The Harmonic Society of 1896

I unfortunately can’t find much history on the Harmonic Society of Brooklyn, except that they were organized sometime in the mid 1890’s and were an exceptional choir of around 180 members. They sang in churches, private gatherings, galas, and other social functions around New York, many times to support various charities. They were praised often in the Brooklyn Daily Eagle.

Harmonic-Society-2-May-14-1896

My great-great Grandmother, Ella T. Sheaff, or as she’s named in most articles – Mrs. George B. Hawthorne, sang Soprano solos. All my life my mother mentioned a relative who was a quote “Opera Singer who sang in shows.” – That’s such a Brooklyn way of putting it!

Lately I’ve been conducting a lot of family research through Ancestry.com and news clippings from The Brooklyn Daily Eagle (See my clippings) and it’s been fun to put certain pieces together.

Great_Grandmother_performance-Nov-27-1892

Here’s two beautiful songs Ella sang for the Harmonic Society. It helps me to imagine how she might’ve sounded while singing to the crowd.

Calm as the Night by Carl Bohm (1891)

“Adieu” by Gabriel Fauré

English Lyrics
How quickly all dies, the rose unfolds as the fresh mantle of the meadow.
The long sighs, the lovers: Vanished!
One sees in this rapid world change faster than the waves on the sand; our dreams, faster than the frost on the flowers;
our hearts!
I thought I was true to you, Cruel!
But, alas, the longest loves are the shortest ones!
And I say to you as I leave your charms, without tears; till the moment of my avowal:
Goodbye!

 

 

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The Brooklyn Public Library digital Collection

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Brooklyn takes its history seriously and has the digital resources to prove it. I was browsing the new and improved BPL website – I really miss living in Brooklyn since my big out-of-state move – There’s a wealth of newly digitized information, articles, and photographs just waiting to be discovered! Sign yourself up for a Virtual Library card if you don’t already have a BPL card.

How would you like to browse through Phone Directories and City Listings over 500 pages long going back to 1856? You may find your ancestors listed.

There are 20,000 digital historical photos with the option to purchase for personal, commercial or educational use.

Civil War Buff? History Teacher? Student? Browse Brooklyn In the Civil War for information, pictures, and lesson plans.

I could keep listing, but why not just go directly to the Collections Page and see for yourself. They’ve added a bounty of treasures from Theater playbills to a digital collection of American and European Children’s books.

A Slave Burial Ground in Gowanus, Brooklyn?

Van-Brunt Homestead

A painting by James Ryder Van Brunt – Grandson of the Cornelius Van Brunt, who bought the farm in 1796. It likely took up four modern street blocks from 8th to 11th Street.

Civil activist groups are at odds with the City over the preservation of what could be a slave burial ground at 9th Street and 3rd Ave. in Gowanus. Since 2015, the City had wanted to build a pre-Kindergarten on the empty lot, but the Preservationists desire more research be done on the land before that happens. Recent Archeological digs haven’t found any remains or artifacts, but there’s still the possibility. According to Brooklyn Borough President Eric Adams – “…it is imperative that New York stands for preserving history and protecting the truth.”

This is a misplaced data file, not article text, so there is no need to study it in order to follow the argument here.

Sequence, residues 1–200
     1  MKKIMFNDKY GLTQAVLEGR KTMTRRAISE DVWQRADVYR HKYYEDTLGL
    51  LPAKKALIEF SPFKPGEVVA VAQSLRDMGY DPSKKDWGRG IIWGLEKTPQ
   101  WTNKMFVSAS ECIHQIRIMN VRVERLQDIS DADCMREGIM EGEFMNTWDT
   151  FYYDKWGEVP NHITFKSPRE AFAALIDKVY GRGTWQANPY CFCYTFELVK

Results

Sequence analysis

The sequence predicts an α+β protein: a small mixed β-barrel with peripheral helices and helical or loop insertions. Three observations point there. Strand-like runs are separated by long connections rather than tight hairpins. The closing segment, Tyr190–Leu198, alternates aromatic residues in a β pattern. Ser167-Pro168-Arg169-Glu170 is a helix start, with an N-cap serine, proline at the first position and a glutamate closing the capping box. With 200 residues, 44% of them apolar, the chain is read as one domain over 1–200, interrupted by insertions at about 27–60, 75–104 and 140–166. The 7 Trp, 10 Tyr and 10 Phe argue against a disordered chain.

Read the ongoing story here at the New York Times and here at the New York Daily News.

The Van Brunt family were Pioneers of Brooklyn, prominent farmers, but also slave-owners who lived at the location in the 19th century. A detailed diary, written by Adriance Van Brunt, noted that slaves were buried on the land.

“Buried old Mr. Bennet Aged 80,” Van Brunt wrote in September 1828. “Also a Black woman.” The following month, he wrote: “Buried Oct. 1 Nancy (Black girl) aged about 12 years.”

In 1846, members of the Van Brunt family were disinterred from the land and buried in Green-Wood Cemetery, the family continued on the Gowanus farm until 1867. The slaves’ final resting place, however, remains a mystery. There’s no longer a “well wooded” section on this plot of land and most likely the graves were unmarked.

The full diary can be accessed with advance notice through the New York Public Library’s archive and manuscript section in the Brooke Russell Astor Reading Room.

You can also find Van Brunt’s Genealogy records at the Brooklyn Historical Society.

I also found an interesting genealogical page created for the Van Brunt family –

http://bklyn-genealogy-info.stevemorse.org/Town/Homesteads/VanBruntRobarts.html

Red-Hook-1875-LibCongress-via-Wiki-940x529

Red Hook Waterfront: 1875

Some further reading into Red Hook’s history. Van Brunt Street is most-likely named after Rutgert Van Brunt, a member of the Dutch family from the latter 1700’s.

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Credit: Andrea Mohin/The New York Times

I hope the City and activists can come to an agreement and that the remains are found. If they aren’t, it would still be fitting to put a monument there, or plaque, acknowledging the slave’s grave-sites and ensuring that this vital piece of Brooklyn’s history and their existence are not forgotten.